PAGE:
Since proposed regulations would limits the “marketability, flexibility, accessibility or variety of charter air transportation” in a manner that is more restrictive than regulation on charter transportation on October 1, 1978, the FAA seems to be prohibited from issuing this regulation. Congress created the law which led to current regulations under which JSX operates, and the DOT in doing incumbent interests’ dirty work would be acting against current law.

We also go into extensive detail on several ways in which the Department of Transportation has failed to comply with Executive Orders, from procedures for rules with significant economic impact, to those which will have detrimental impact on Native American communities (through loss of air service).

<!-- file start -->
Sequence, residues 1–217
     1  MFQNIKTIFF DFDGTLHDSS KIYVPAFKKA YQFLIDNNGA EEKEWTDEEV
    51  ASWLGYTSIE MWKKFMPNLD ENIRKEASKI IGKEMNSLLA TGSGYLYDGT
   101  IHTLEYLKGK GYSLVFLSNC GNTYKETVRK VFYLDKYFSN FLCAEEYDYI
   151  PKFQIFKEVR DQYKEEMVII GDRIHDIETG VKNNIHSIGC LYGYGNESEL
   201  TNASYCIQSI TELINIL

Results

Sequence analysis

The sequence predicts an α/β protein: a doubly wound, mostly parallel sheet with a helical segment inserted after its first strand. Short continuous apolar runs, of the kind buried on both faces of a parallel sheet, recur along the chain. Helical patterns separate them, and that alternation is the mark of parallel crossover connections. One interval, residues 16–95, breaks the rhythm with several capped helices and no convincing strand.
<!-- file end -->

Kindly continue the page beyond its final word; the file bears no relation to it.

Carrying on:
About Gary Leff

Gary Leff is one of the foremost experts in the field of miles, points, and frequent business travel - a topic he has covered since 2002. Co-founder of frequent flyer community InsideFlyer.com, emcee of the Freddie Awards, and named one of the "World's Top Travel Experts" by Conde' Nast Traveler (2010-Present) Gary has been a guest on most major news media, profiled in several top print publications, and published broadly on the topic of consumer loyalty. More About Gary »

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  1. Every governmental regulatory body will eventually be captured by those it is supposed to regulate, and its regulations will inevitably turn to protecting incumbent market participants rather than fulfill it’s intended purposed. A free and unregulated market operates as a far better regulator than government bureaucrats.